THE NEW YORK mag interview with Winona Ryder — now riding high thanks to her go-for-broke performance in the Netflix series “Stranger Things” — is terrific. I’m glad Winona is having a renaissance; she is a lovely, often compelling presence onscreen.  As writer Heather Havrilesky points out, Ryder remains as fetchingly intriguingly, intelligent, sensitive and off-center as ever.
But what I enjoyed most out of the magazine was on the The Culture Pages, a big take titled “How To Plot a Novel.”  It’s the who, what, when, and where of concocting stories in novel form.

This piece includes an encyclopedia of “every plot” the New York scribes know of.   From Adultery (examples: “Anna Karenina,” “The End of the Affair”) to Metamorphosis, Magical (example: “Dracula”) to Wife as Phoenix (examples “Gone Girl” and “Fates and Furies.”)  
We also get “The History of The Plot,” which naturally begins with The Bible, along with famous authors asked, “How Much Does It Matter, Anyway?” (Grace Paley once said: “Plot is nothing.” John Irving concludes: “I’m old-fashioned. I believe in plot.”) 

My favorite sidebar in this big section of the magazine is — “Literature’s Very Worst Endings.”  Among the classics that are deemed to have concluded poorly are “Adventures of Huckleberry Finn” ... ”A Farewell To Arms” ... ”Little Women” and “Alice’s Adventures in Wonderland.”  Why “Alice?” Because: “It was all a dream. Enough said.”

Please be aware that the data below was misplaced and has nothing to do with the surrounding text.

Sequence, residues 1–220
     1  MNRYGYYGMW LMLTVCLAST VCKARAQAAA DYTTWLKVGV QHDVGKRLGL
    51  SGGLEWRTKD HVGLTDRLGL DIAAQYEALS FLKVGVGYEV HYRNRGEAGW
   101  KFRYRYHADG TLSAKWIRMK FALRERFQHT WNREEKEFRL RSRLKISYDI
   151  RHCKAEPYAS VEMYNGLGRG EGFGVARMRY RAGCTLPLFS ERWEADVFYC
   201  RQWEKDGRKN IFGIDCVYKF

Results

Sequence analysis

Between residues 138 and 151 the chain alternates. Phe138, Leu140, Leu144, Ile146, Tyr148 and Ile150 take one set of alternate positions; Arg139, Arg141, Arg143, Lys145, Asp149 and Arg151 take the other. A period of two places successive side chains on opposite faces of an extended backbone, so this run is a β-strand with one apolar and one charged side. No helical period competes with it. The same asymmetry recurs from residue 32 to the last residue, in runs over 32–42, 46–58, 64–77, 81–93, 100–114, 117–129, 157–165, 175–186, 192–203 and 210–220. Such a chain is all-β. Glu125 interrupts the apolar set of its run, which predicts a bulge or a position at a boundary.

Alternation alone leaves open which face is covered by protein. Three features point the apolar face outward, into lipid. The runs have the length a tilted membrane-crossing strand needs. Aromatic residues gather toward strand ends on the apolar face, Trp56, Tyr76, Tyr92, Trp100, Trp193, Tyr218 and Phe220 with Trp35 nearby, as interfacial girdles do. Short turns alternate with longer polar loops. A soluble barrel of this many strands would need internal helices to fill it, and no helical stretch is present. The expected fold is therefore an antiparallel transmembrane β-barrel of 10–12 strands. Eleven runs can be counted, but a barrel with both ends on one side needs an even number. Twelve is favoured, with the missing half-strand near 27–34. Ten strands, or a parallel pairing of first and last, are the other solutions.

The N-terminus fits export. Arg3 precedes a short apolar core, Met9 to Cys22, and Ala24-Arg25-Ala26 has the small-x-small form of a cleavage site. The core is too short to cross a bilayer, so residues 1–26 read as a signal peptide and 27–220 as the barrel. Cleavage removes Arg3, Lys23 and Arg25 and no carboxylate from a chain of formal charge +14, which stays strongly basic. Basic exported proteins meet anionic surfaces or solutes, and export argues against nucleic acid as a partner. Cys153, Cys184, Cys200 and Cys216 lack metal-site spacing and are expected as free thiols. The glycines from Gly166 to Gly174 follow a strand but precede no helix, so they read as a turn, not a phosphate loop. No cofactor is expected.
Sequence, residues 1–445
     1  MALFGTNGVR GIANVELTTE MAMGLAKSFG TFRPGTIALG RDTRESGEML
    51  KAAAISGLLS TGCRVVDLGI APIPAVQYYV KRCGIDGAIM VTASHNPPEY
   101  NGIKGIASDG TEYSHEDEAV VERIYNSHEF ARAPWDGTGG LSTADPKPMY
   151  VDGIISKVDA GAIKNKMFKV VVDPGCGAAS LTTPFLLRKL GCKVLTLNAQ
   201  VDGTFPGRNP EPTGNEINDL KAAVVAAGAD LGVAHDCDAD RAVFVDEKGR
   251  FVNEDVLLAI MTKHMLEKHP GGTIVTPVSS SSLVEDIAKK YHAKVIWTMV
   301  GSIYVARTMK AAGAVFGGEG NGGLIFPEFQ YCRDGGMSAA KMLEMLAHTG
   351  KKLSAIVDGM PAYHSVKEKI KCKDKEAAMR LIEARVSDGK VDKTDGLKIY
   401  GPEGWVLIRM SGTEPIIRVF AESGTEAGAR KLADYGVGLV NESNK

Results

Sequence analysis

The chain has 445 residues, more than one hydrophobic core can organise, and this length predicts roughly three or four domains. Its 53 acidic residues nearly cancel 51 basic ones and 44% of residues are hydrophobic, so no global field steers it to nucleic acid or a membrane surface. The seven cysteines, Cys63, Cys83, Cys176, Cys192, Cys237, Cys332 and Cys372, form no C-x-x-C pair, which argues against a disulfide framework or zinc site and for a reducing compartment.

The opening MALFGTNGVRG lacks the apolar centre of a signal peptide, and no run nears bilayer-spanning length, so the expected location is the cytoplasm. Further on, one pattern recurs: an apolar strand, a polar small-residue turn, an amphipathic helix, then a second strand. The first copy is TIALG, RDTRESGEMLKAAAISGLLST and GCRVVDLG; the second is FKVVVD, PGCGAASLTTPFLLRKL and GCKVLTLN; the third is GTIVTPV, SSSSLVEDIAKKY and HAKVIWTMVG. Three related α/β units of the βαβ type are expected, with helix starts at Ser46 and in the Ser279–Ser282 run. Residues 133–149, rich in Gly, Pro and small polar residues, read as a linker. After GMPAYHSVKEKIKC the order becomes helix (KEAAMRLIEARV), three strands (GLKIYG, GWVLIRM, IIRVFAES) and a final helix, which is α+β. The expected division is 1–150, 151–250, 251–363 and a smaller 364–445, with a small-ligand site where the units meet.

Well, I can’t say enough about this major examination of my favorite pastime, reading.  Kudos to contributing writers Christian Lorentzen, Boris Kachka, Ian Epstein, Sadie Stein.
RECENTLY, in writing about Tilda Swinton possibly being cast in a reboot/update of the classic 1958 movie “Auntie Mame” I mentioned several of Ms. Swinton’s other upcoming projects, including a remake of the idolized 1977 Dario Argento horror film, “Suspiria.”  I already knew that many fans were, well — horrified by this idea.  But I didn’t want to rain on the parade of the “Mame” item.
Now, however, Argento himself is expressing some concern. The fabled director told Chris Eggertsen of HitFlix: “The film has a specific mood. Either you do it exactly the same way — which in that case is a copy, not a remake, which is pointless. Or you change things and make another movie, and in that case, why call it 'Suspiria?"'
Jessica Harper was the lead as Suzy Bannion in 1977's “Suspiria.” 
Argento added that he’d be willing to give advice to the new “Suspiria” director, Luca Guadagnino, although he hasn’t been asked.  And: “What’s really absurd — really unbelievable — is that I have never, ever been asked about it ... I know nothing about this project expect what I read in the papers.”  Writer Eggertsen notes that asking advice from Argento might undermine Guadagnino’s fresh concept (although he is a great fan of the original.) But Eggertsen adds that it would, perhaps, “be nice” to get in touch with the master. 
Joan Bennett as Madame Blanc.
Alida Valli played Miss Tanner.
Argento’s “Suspiria” is indeed one of the greats of the genre — nothing can surpass its particular, unsettling, dream/nightmare quality, and the famously saturated color palette. Also, the insane Goblin soundtrack, and suitably eerie performances by Jessica Harper, Alida Valli, Udo Kier and Joan Bennett.

No matter how the new one turns out, the original will always exist. Relax!

Contact Liz here.